Biddable Dogs or Trainable Dogs?

How would you describe the ideal temperament for a dog?


I had an interesting conversation with a trainer friend the other day. She had gone to meet a breeder she had never met before, as a potential buyer of a puppy from a future litter. She told me about a little glitch in their conversation that she couldn’t stop thinking about.

whole dog journal editor nancy kerns

She said, “Nancy, I kept using the word ‘trainable’ to describe a trait I look for in a puppy, and every time I said it, the breeder would respond that her dogs are very ‘biddable.’ At first, I wasn’t sure what word she was using; I asked her to repeat it. Even when I realized I had heard her correctly, I wasn’t sure what it meant; I had to come home and look it up. And it turns out that it’s absolutely not what I’m looking for in a dog!”

I was pretty certain I knew the definition of the word “biddable,” but I’ll share the definition with you, in case you don’t know it:

BIDDABLE: adjective

1. meekly ready to accept and follow instructions; docile and obedient.

SYNONYMS: obedient, acquiescent, compliant, tractable, amenable, complaisant, cooperative, dutiful, submissive.

I agree with my trainer friend; this is not a trait I look for in a dog, either. I like dogs who are curious, friendly, and ready to be engaged and attentive if I hold up my end of the “conversation” and I also behave in a friendly, engaged, interesting way.

I can imagine that there are some people who don’t want an inquisitive, independent dog. Some people truly do seem to want their dogs to be “submissive.”

But my trainer friend and I agreed; that’s the farthest thing from our minds. Personally, I don’t want a submissive husband, child, grandchild, or friend, nor a “docile” dog, cat, or chicken. Why would I need that? Why would I want someone around me to “submit” to my every whim? Meek? That’s not my thing at all.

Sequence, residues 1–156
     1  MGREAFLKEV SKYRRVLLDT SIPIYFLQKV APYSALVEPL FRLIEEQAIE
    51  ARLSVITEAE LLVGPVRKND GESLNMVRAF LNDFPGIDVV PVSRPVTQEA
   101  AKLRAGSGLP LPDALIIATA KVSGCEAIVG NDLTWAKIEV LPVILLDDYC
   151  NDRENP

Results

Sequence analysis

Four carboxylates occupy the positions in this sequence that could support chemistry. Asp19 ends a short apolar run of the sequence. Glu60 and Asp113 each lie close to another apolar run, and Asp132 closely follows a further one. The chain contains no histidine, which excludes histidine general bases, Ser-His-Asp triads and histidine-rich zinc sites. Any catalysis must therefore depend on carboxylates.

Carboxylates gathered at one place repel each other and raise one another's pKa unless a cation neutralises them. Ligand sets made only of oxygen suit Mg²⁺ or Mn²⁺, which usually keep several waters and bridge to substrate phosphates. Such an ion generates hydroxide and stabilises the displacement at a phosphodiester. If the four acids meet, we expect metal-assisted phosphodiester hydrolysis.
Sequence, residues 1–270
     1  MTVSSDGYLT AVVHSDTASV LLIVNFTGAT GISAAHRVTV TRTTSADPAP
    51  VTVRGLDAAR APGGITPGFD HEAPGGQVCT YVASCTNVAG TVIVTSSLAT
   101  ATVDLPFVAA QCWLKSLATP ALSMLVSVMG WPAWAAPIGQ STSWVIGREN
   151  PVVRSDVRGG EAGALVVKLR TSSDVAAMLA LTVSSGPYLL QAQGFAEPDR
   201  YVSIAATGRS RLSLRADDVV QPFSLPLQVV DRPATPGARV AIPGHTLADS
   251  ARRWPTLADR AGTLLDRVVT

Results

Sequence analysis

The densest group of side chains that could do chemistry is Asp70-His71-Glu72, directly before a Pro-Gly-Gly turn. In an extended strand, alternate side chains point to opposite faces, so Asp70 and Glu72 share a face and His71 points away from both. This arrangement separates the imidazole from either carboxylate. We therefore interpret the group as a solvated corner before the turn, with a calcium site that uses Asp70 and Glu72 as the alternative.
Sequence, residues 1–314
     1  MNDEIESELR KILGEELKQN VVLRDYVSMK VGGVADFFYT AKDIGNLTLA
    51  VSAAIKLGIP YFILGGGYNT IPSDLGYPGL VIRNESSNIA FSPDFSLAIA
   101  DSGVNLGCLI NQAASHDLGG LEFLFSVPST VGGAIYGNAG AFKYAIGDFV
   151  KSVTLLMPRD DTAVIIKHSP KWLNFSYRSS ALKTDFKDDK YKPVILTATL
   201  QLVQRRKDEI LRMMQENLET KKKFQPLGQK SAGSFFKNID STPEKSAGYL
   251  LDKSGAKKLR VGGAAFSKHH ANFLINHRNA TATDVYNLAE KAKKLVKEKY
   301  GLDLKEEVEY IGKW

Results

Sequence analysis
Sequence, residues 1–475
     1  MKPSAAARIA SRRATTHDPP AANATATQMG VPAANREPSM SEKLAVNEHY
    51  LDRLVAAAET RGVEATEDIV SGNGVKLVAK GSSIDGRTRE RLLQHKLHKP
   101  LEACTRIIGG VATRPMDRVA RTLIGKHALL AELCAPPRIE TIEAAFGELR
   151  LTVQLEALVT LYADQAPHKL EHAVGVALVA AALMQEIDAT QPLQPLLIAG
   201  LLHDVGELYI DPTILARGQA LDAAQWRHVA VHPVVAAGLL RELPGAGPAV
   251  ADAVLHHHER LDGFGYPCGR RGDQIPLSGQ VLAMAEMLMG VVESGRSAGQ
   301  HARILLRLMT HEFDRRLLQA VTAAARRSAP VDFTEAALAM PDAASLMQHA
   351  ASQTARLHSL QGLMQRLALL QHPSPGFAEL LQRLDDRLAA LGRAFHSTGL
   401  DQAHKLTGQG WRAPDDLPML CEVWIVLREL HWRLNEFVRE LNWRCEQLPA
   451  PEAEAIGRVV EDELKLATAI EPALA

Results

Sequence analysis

I asked my friend, “You told the breeder you wanted a ‘trainable’ dog. How would you define that?”

She said, “Smart. Motivated to work with me. One who values rewards that I can deliver. Willing to experiment to get things right.”

I started wondering: Perhaps those of us with a special interest in animal behavior and the methods of influencing behavior value smart, creative dogs more than the average dog owner might? Do you want a particularly docile, submissive dog? Are these traits attractive to you? I’m curious to know what traits you look for in a dog.


  1. Just stumbled across this article. I completely disagree with your definition of a biddable dog being submissive or docile or meek. Or that having a biddable dog means one that is not “smart” or “creative”.

    I have always had Labs, a biddable breed. However, my dogs are also “curious, friendly, and ready to be engaged and attentive”. They are “Smart. Motivated to work with me. One who values rewards that I can deliver. Willing to experiment to get things right.” Those terms are not at all in odds with being a biddable dog.

    The reasons that Labs are considered a biddable breed is because they have been bred for countless generations to work with and beside a person, while being friendly, confident and cooperative. One of my dogs was an advanced level disaster search dog for FEMA, one of only 60 trained to that level at that time. She certainly wasn’t submissive or docile or meek.

  2. I’ve also just stumbled across this article and agree 100% with the above comment from Jane. I think the use of the word biddable in the dog world differs from the dictionary definition, and simply put means a smart, trainable dog that will respond particularly to food rewards. I have a rescue pointer/hound cross who is smart, friendly, attentive and motivated but cannot be trained with food rewards, therefore I would not describe her a ‘biddable’.

  3. I think the author is somewhat off base on this definition of biddable when it comes to dog’s. Biddability in dog training is far more subtle a concept. It is something very intangible that occurs between the handler/trainer and the dog. It has to do with the transfer of confidence that the trainer will grant the dog. It may involve certain leeway of leash to do something or other. The dog recognizes the connection and in turn comes when called or perhaps will drop an object. A biddabile dog just kind of gets it. The dog receives franchise, almost a kind of permission or freedom and in turn the dog provides some specific behavior to the trainer. There is often eye contact involved between dog and handler. When it happens it is almost magic. There is often a kind of bonding between owner/trainer that transpires when both dog and trainer are in the zone. Springer Spaniels, labs, setters and several other gun dogs have this trait in spades. A billable dog volunteers rather than is forced or bribed.